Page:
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Unformatted text preview: lecture 4 Topics: Where are we? Conservation laws Work and Energy and the second Law Energy in the harmonic oscillator Work and Energy in three dimensions Examples of potentials in 3dimensions A particle on a frictionless track Forced oscillation and resonance Harmonic driving forces Energy in the driven oscillator Breaking the wine glass Where are we? We have now seen a number of examples of the use of F = ma . You should all be familiar at this point with the techniques of determining the trajectory of a classical system that is picked out by a given set of initial conditions. We also discussed the beautiful and surprisingly general behavior of the harmonic oscillator, and the particularly simple description of its motion that obtains when we allow our trajectories to involve i = √ 1 . Now, we will start the process of going beyond F = ma to more general and powerful ap proaches. This will occupy us for the next two weeks. This week, we will discuss two of the great conservation laws of classical mechanics — energy and momentum. I also have some organizational remarks. First, a bit of good news — we have now seen all the ways of solving differential equations that we are going to use. There are really only two of them. One is integrating, perhaps after moving things around a little bit to separate variables on two sides of the equation before integrating. The other is hoping that the solution is an exponential, plugging in and checking to see whether it works! Nothing more complicated is going to happen! We will, however, do a little more multivariable calculus today. Please please please stop me and ask questions if you see something you don’t understand. Next, you should soon (I hope) find a Q&A question on the web page to be filled out by next Monday. If you cannot access this, then either the system is not working or you are not on my list, and you need to send me an email right away and check with the registrar. Now to work (literally and figuratively)! Conservation laws It is somewhat unfortunate that “energy conservation” has come to mean two very different things. When we read in a newspaper about energy conservation, the article is usually about using energy carefully and not wasting it. What we mean in physics when we say energy conservation is some thing very different. We mean that there is a quantity called “energy” that is unchanged with time. I suppose that there is some connection between these two meanings. If energy were not conserved 1 in the physics sense, if we could simply make new energy whenever we need it, then perhaps we would not have to be so worried about using it sparingly and efficiently. It is the fact that energy is conserved in the physics sense that makes it such an important quantity....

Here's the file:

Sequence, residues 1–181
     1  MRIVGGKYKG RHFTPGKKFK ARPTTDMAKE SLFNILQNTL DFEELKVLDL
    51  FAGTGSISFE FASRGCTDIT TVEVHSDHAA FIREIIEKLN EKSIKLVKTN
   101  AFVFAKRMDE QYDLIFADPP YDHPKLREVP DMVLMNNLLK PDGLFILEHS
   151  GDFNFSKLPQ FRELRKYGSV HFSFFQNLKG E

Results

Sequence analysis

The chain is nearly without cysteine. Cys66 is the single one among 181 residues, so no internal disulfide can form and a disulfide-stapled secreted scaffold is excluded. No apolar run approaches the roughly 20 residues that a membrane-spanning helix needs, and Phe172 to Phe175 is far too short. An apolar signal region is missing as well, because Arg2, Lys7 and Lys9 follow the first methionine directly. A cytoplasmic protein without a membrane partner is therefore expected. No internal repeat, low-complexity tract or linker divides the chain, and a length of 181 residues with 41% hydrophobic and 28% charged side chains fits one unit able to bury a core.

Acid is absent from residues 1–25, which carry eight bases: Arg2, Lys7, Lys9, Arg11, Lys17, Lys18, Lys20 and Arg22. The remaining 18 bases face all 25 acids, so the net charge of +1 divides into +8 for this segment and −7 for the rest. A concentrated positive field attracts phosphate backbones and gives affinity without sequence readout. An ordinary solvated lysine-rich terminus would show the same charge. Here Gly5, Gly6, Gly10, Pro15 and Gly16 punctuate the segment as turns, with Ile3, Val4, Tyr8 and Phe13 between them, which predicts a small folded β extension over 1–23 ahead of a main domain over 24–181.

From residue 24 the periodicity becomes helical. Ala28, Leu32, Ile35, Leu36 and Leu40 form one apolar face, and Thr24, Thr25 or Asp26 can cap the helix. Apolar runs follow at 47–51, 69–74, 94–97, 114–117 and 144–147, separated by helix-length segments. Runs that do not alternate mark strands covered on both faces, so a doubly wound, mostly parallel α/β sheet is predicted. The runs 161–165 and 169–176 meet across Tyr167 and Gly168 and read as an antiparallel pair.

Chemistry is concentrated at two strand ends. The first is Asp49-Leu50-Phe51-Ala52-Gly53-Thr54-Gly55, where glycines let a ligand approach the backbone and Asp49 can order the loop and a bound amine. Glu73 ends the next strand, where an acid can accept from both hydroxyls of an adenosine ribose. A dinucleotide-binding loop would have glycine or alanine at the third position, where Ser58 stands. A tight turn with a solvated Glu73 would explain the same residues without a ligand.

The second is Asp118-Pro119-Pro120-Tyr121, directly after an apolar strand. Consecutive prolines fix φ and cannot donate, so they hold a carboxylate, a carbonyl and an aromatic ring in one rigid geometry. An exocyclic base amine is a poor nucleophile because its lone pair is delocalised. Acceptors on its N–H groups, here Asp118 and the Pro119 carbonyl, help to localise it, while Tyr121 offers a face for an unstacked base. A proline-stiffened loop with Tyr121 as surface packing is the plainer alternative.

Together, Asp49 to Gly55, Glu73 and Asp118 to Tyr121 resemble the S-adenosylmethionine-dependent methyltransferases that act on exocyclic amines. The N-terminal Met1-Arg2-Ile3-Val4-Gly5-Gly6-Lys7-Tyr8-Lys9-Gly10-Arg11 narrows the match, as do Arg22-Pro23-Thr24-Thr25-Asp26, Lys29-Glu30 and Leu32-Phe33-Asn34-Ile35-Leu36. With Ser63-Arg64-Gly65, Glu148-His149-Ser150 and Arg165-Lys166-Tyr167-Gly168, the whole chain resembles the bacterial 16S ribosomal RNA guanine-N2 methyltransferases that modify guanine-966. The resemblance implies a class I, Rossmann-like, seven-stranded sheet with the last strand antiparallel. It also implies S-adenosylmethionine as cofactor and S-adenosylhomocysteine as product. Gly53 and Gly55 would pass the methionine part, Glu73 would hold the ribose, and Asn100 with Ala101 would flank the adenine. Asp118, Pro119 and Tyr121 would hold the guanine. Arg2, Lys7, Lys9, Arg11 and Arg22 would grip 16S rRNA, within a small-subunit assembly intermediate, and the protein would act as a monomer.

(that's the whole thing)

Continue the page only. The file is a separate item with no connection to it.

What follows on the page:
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 Spring '09
 JohnRobertson

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